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Tristan Thompson ready to claim 'free money' at foul line if Raptors continue hacking strategy

By Chris Fedor • May 2, 2017 at 3:30 PM

CLEVELAND, Ohio — Desperate, the Toronto Raptors' typically stingy defense being shredded with relative ease, head coach Dwane Casey had no other recourse. He went to the last-resort strategy, fouling Tristan Thompson -- the Cleveland Cavaliers' worst free-throw shooter -- on purpose.

"I am not surprised, especially in the playoffs," Thompson said of the strategy. "Teams are going to throw that at you and try to junk up the game a little bit. I just got to get up there and knock them down and keep practicing in practice. Try not to be a liability out there."

Down 16 with less than four minutes remaining in the third quarter, Patrick Patterson wrapped up Thompson, who shot a career-worst 49.8 percent from the stripe during the regular season.

It's usually a sound plan. Teams would probably rather see Thompson at the line than watch Kyrie Irving wiggle his way into the paint, LeBron James race past helpless defenders or the Cavs launch open 3-pointers. After all, Thompson went 3-of-7 in the first-round series against the Indiana Pacers.

But as soon as it happened Monday, Thompson shrugged it off and confidently walked to the line before burying both.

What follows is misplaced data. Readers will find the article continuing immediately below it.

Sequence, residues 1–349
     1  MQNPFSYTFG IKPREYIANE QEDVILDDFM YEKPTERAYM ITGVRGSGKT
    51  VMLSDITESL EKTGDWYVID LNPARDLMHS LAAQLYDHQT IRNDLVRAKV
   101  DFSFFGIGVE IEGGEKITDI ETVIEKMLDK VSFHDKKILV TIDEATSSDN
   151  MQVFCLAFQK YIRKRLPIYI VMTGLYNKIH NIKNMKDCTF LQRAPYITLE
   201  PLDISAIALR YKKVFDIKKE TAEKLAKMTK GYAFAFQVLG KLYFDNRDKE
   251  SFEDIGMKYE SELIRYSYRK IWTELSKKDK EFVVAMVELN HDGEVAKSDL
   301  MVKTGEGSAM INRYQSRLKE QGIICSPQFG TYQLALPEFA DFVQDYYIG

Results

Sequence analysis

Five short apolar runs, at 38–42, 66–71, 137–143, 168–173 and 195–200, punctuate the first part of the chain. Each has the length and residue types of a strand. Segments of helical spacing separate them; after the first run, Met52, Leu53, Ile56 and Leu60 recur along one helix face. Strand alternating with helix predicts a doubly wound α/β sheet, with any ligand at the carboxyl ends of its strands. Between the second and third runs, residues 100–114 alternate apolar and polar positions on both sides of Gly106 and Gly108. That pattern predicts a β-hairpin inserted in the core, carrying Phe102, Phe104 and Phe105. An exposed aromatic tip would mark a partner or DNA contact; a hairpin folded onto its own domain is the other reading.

"Free money," Thompson said of his approach. "Just have to go up there and knock 'em down. Free money. That's how I view it.

"That's why in practice I try to make sure I get enough just to get the rhythm and the feel because if they do go to that you have to go up there and make them. Don't try to think too much, stick with your rhythm and shoot the ball. Just go up there and shoot your shot."

After making the pair, the Raptors abandoned the tactic. Thompson finished 5-of-6 on the night, the best percentage he has shot in a game with more than two attempts since late January when he went 5-of-5 in a double-digit win against the Oklahoma City Thunder.

While Thompson remains an easy target and should probably expect more Hack-a-Thompson throughout the postseason, he's doing his best behind the scenes to work through the struggles. He stays late, following every practice and shootaround, to hoist extra attempts with assistant coach James Posey at his own basket.

Earlier this season, Thompson received help from Kyle Korver, one of the NBA's premier shooters. Korver has also aided James with his shooting form and routine at the stripe.

"Kyle has been great for myself and other guys he's worked with," Thompson said. "If you look at his resume you have to listen to what he says, right?"

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